Nephropathy is the term used when the kidneys start to incur damage, which can ultimately lead to kidney failure. In this article, we look at the link between diabetes and kidney failure.
What is diabetic nephropathy?
A diagram of diabetic nephropathy in the left kidney.
Kidney problems are relatively common in people with diabetes. This is because diabetes affects the arteries in the body and the kidney filters blood from those arteries. It is estimated that around 40 percent of people who have type 2 diabetes develop nephropathy.
People with either type 1 or type 2 diabetes can be affected by nephropathy. Diabetic nephropathy is a significant cause of long-term kidney disease and end-stage renal disease (ESRD), which is when the kidneys no longer work well enough to meet the needs of daily life.
There are five stages of diabetic nephropathy, and ESRD is the last. Diabetic nephropathy is the most frequent cause of ESRD in the United States, with between 40 and 50 percent of all ESRD cases directly related to it. A person with ESRD will require dialysis.
Diabetic nephropathy is when the kidneys become leaky, allowing albumin (a protein made by the liver) to pass into the urine. The condition worsens as the level of albumin increases.
Diabetic nephropathy develops slowly and is more common in people who have had diabetes for 20 years or more.
Diabetic nephropathy is more likely to develop in people with diabetes who also have higher blood glucose levels. Doctors also believe that nephropathy is directly influenced by high blood pressure (hypertension), which may make an individual go through the stages of diabetic nephropathy more rapidly.
Other risk factors for diabetic nephropathy include:
- age, as it is more common in older people
- sex, as it is more common in men
- race, as it is more common in African Americans and Mexican Americans
Symptoms and stages
Symptoms of stage four or five diabetic nephropathy may include shortness of breath, swollen ankles, and darker urine.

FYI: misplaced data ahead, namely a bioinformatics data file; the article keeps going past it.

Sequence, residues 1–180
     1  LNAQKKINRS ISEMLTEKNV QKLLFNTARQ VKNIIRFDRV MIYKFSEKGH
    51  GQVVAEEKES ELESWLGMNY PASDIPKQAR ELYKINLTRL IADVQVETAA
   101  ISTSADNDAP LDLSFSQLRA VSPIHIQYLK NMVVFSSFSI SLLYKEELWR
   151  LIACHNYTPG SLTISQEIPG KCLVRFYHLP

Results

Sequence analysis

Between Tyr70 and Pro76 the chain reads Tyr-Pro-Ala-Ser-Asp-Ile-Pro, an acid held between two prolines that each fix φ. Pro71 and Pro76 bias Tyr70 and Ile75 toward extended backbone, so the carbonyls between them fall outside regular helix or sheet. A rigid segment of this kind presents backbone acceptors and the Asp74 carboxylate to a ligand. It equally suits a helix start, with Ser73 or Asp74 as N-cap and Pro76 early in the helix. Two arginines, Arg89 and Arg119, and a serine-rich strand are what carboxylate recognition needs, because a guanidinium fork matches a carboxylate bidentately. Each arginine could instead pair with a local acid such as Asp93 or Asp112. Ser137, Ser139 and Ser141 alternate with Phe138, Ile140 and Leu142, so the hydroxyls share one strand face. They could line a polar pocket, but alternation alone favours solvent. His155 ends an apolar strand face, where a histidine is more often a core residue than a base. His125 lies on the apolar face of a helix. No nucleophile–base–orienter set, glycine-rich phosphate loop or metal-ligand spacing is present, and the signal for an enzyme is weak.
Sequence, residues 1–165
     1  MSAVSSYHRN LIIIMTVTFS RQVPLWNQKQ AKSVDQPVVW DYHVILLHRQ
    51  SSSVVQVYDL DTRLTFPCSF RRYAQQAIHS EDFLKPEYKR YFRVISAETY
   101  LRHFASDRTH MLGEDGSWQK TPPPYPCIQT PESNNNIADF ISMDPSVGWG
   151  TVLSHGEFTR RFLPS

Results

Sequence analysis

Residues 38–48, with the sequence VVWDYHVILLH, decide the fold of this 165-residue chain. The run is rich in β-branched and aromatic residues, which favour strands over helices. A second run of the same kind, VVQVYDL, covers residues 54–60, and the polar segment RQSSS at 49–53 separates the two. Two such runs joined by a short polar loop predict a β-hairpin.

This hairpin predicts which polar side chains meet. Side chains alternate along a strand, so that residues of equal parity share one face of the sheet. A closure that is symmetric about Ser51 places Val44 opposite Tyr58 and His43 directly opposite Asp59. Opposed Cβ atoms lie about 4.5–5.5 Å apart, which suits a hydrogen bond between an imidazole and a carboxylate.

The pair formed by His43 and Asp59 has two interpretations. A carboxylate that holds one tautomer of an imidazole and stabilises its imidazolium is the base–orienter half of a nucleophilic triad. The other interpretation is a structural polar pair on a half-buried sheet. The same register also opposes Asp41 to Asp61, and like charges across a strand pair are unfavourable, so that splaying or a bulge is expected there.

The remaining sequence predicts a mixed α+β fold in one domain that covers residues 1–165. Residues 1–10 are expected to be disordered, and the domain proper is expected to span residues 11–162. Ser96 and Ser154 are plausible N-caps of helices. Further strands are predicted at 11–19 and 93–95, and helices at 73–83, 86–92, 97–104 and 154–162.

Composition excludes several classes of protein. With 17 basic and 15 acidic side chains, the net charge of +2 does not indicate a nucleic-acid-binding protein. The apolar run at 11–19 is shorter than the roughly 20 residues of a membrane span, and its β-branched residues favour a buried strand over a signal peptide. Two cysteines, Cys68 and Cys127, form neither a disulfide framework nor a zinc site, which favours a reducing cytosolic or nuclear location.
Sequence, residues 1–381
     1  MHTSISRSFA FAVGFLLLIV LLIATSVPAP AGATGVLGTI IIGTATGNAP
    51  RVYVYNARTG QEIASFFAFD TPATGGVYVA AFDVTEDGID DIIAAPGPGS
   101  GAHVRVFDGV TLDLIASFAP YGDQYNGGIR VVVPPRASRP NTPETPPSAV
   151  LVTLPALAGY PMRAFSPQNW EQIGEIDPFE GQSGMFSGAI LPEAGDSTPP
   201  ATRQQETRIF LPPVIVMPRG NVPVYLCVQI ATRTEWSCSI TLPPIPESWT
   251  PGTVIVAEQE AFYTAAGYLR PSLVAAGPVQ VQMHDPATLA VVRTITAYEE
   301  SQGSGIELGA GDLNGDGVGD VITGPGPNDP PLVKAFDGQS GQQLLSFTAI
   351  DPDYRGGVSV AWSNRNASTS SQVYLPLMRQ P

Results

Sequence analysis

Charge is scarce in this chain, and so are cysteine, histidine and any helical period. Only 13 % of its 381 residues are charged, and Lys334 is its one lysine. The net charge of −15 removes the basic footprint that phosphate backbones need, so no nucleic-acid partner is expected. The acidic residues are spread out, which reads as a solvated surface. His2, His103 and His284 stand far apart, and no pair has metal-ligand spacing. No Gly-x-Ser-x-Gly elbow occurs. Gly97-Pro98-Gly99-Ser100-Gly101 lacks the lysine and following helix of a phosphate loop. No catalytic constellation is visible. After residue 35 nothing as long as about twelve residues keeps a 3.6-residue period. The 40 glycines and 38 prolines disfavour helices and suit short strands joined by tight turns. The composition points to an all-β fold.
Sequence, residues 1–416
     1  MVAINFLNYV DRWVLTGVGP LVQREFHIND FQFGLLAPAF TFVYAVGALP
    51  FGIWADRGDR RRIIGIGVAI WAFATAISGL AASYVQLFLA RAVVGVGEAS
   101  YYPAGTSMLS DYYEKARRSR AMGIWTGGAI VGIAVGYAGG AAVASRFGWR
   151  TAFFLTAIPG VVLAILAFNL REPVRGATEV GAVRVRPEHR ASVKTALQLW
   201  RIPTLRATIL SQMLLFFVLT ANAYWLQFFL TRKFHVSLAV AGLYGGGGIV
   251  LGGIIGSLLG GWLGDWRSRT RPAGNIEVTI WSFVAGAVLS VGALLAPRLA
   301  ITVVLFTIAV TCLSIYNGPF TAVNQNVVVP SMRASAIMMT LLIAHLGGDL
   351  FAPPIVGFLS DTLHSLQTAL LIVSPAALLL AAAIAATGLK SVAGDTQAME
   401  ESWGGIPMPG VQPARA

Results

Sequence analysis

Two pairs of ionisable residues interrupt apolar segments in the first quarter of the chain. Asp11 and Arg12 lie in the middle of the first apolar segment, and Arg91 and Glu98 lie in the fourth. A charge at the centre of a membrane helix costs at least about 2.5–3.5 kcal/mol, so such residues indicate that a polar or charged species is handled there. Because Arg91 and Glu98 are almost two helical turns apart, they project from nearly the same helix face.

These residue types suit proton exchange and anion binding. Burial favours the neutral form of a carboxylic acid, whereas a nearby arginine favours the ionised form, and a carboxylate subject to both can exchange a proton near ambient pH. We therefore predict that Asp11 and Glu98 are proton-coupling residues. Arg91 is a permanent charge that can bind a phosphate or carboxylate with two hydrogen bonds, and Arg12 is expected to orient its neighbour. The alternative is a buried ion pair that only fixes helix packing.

Although diabetic nephropathy means the kidneys are not functioning properly, a person in the early stages may not experience any symptoms.
However, in the early stages, there are changes in blood pressure and the fluid balance in the body. Over time, this can produce a buildup of waste products in the blood and make a person very ill.
Severe illness usually occurs around stage four or five of diabetic nephropathy. Symptoms include:
- swollen ankles, feet, lower legs, or hands caused by water retention
- darker urine, due to blood in the urine
- shortness of breath
- fatigue, caused by lack of oxygen in the blood
- nausea or vomiting
- metallic taste
The stages of diabetic nephropathy are determined by the extent of the kidney damage and the glomerular filtration rate, or GFR. The GFR can tell a doctor how well the kidneys are working. A low GFR indicates kidney problems.
- Stage 1: Kidney damage present but normal kidney function; GFR above 90.
- Stage 2: Kidney damage with some loss of kidney function; GFR between 60 and 89.
- Stage 3: Mild to severe loss of kidney function; GFR between 30 and 59.
- Stage 4: Severe loss of kidney function; GFR between 15 and 29.
- Stage 5: Kidney failure; GFR less than 15.
Early treatment can delay or prevent the onset of diabetic nephropathy. As the early stages can often show no symptoms, people with diabetes should be screened for kidney complications yearly.
Screening involves a simple urine test to see whether proteins are present in the urine. However, the presence of proteins does not necessarily mean a person has kidney disease, as they can also be due to a urinary tract infection.